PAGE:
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Profanity-Laced Tupac 'Hail Mary' Rap Lyrics Printed in Christmas Carol Program in Sri Lanka

Profanity-Laced Tupac 'Hail Mary' Rap Lyrics Printed in Christmas Carol Program in Sri Lanka

In this day and age, the term "Hail Mary" means different things to different people and organizers of a Christmas carolling event organized by the Archdiocese of Columbo in Sri Lanka this December learned that lesson the hard way.

To many Catholics, the "Hail Mary" is a prayer recited for the intercession of the blessed virgin mother of the Lord and Savior, Jesus Christ.

To football fans, a "Hail Mary" is a long pass thrown in desperation to the end zone at the end of a game in hopes that it somehow comes down in a receiver's hands for a touchdown.

As for many hip-hop fans, they think of the title of a rap song by by the late rap legend Tupac Shakur when they hear the term "Hail Mary."

Unfortunately, the organizers of one of Sri Lanka's largest Christmas carol fundraising services didn't double-check which version of "Hail Mary" was included in the programs for the Joy to the World 2016 service before they printed and handed them out.

Attendees of the Dec. 11 service held in the nation's capital city of Colombo were surprised to find that instead of the Catholic prayer they are accustomed to seeing and reciting, the program included Tupac's version of the "Hail Mary."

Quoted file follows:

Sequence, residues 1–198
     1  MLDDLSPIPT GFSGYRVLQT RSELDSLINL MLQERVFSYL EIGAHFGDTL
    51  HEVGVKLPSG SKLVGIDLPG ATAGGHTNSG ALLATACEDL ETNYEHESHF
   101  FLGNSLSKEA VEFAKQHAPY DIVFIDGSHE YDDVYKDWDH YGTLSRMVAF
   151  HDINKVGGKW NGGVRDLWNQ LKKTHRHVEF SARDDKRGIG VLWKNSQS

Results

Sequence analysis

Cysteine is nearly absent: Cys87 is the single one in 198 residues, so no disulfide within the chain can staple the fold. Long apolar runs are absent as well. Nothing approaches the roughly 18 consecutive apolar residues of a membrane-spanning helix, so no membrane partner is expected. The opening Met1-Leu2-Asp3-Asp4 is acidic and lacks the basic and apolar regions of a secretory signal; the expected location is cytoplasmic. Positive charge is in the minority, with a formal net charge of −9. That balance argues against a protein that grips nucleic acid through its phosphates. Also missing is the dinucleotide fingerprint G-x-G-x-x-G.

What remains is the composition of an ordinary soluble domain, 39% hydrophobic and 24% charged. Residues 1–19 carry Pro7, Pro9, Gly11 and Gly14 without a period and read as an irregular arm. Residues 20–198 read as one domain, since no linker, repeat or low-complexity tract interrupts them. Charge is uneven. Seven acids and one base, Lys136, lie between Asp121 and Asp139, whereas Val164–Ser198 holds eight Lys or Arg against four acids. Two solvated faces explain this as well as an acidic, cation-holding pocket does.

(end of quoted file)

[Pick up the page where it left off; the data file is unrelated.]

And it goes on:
Anyone who attended the service and read the program might have been alarmed to find such expletives as the N-word and might have been even more alarmed that the program asks "do you want to ride or die?"

"I ain't no killer but don't push me. Revenge is like the sweetest joy, next to getting [inappropriate term for female reproductive body part]," the program recites. "Picture paragraphs unloaded, wise words bein' quoted. Peeped the weakness in the rap game and sewed it."

The gaffe made waves on Twitter and other social media platforms, as an attendee posted pictures of the program's "Hail Mary" page.

"A lot of people were in shock as whether it was a joke or someone would actually rap the song," an attendee named Andrew Choksy told CNN. "A few of the older ladies in front of us could not stop looking at the printed booklet."

The event was organized in part by the Archdiocese of Colombo and the Joseph Vaz Trust. Following the unwanted attention caused by the error, a representative from the archdiocese told CNN that the organizers didn't realize the mistake until it was too late.

Once they realized the mistake, the organizers asked for the programs to be returned.

"The page was in the middle of the booklet. When people looked at this page, they saw it before the start of the show," Father Da Silva explained. "Two people saw it and alerted us to it."

"We are very sorry to say that this happened," he added.


Christian Post